‘Obesity is not because it runs in the family, it is because no one runs in the family. – Anon
All across the planet there are groups working to make our world a little greener, to slow things down so we can enjoy home-cooked meals and the pleasures of outdoor living.
But counteracting everything the green movement is accomplishing, are other harsh realities that stand between you and a smooth-running body machine.
Let’s start with the oversized food portions in many of the neighborhood diners of the world. Good value is equated with lots of food, so that platter of fish and chips you order is piled so high it could feed one family instead of one person.
But you don’t want to waste it; after all, you work hard for your money. And it is deep-fried and tantalizingly good, so you eat it all.
You order popcorn at your local movie theatre and you need a wheelbarrow to carry it to your seat. Your regular size hot dog at the local filling station is now a foot long instead of six inches.
When you eat portions far in excess of what even feels comfortable, you are taking in far too many calories.
Doggy bags aren’t just for doggies. Ask for one and eat the second portion they so generously provided at home on another day.
At the same time that some places are over-feeding you, you may have trouble gaining access to farm-fresh foods that will enhance your health. Fresh fruits and vegetables are plentiful at major city supermarkets, but if you live in rural areas where there are only small grocery outlets, they will have a tendency to rely on packaged foods with a longer shelf life.
Make an effort now to secure a source of fresh food. When cost is a factor, and that is usually the case, lower your investment by always purchasing fresh foods that are in season in the area where you live.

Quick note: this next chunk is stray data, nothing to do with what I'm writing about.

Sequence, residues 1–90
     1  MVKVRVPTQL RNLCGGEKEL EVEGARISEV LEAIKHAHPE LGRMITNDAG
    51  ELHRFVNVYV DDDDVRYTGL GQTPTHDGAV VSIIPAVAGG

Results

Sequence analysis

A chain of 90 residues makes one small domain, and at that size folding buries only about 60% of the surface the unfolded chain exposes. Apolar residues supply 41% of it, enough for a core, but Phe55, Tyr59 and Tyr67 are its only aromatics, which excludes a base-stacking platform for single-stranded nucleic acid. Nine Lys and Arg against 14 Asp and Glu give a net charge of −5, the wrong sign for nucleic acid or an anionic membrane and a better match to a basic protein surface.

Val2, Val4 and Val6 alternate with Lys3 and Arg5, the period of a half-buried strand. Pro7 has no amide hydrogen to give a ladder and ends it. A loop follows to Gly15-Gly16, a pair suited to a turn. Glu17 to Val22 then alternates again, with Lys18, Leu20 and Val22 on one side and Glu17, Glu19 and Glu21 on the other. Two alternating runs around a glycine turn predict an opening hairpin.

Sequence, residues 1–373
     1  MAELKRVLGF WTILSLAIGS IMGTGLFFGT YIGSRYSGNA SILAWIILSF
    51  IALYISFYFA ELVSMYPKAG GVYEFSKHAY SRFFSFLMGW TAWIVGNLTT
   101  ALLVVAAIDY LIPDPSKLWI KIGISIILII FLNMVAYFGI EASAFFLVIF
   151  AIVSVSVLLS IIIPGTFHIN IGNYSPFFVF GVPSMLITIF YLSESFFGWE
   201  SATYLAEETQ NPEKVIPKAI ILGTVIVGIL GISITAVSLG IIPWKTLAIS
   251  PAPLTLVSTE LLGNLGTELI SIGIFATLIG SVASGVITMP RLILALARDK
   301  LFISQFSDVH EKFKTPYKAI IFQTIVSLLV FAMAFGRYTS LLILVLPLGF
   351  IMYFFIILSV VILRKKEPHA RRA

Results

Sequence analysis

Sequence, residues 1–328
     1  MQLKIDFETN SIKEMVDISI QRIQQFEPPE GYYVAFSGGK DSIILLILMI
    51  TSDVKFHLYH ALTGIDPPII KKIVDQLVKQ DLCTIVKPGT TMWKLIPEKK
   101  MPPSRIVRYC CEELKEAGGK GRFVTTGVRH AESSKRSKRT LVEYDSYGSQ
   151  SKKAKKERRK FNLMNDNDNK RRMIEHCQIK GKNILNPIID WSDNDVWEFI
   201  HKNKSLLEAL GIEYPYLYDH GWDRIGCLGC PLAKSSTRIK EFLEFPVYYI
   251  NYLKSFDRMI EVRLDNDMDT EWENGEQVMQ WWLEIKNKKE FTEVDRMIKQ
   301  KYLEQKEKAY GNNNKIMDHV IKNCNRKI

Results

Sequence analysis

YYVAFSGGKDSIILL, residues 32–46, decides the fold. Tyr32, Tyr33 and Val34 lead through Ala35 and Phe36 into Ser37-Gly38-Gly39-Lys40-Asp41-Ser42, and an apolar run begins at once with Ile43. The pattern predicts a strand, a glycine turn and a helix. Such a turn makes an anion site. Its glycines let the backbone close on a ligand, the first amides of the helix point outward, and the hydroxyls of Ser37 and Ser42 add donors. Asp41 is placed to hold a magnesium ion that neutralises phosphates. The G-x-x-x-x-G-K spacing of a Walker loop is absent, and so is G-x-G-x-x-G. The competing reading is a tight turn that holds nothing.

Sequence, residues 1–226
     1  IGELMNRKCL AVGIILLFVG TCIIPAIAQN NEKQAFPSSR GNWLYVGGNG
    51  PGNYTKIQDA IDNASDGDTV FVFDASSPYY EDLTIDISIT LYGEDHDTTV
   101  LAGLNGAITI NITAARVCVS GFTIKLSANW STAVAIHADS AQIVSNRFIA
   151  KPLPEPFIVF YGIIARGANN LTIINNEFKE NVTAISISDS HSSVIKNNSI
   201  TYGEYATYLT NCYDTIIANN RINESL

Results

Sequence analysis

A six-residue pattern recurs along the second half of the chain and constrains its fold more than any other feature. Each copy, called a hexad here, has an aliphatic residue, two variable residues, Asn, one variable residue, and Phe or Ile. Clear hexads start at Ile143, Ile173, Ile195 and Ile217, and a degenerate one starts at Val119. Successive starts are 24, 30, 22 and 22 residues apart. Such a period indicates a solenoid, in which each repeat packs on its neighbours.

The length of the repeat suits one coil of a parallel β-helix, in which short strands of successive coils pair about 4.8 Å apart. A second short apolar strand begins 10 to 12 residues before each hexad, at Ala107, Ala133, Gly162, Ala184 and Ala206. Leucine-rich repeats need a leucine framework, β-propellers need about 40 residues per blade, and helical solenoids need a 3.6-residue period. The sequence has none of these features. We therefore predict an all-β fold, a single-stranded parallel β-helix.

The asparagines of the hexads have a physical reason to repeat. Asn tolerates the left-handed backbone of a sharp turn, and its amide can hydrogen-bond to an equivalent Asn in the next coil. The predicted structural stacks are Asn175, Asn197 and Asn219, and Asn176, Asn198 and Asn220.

If you are living in northern countries and you want to buy blueberries in May, you will have to pay an outrageous price for them. But if you want the taste and flavor of fresh spring, local rhubarb will be showing up in the stores soon and will make a lovely substitute.
Keep in mind that the foods that are supported with the most advertising are likely the foods you should avoid. There’s a reason for the hard sell. Sugar-laced sweets and drinks presented attractively to lure you and your children to purchase them are often just full of calories and contain very little of the actual nutrition that your body needs for fuel.
Pre-packaged snacks seem like a saviour to the lunch-packing parents of the world, but the processed foods and sweets they contain are just setting up your child for a life-long addiction to the wrong tastes.
- Take control of what you eat in restaurants. Ask the waiter to remove the bread. Get a side order of veg or have two starters instead of a main meal. Don’t feel obliged to eat everything on your plate.
- Secure a source for fresh vegetables and fruit and purchase and eat them every day. Buy local foods in the season they are plentiful.
- Avoid sugar-laced, calorie-heavy, over-processed foods that are well advertised.
- Cut down on all fruit juices because they have no fiber and they have high sugar content.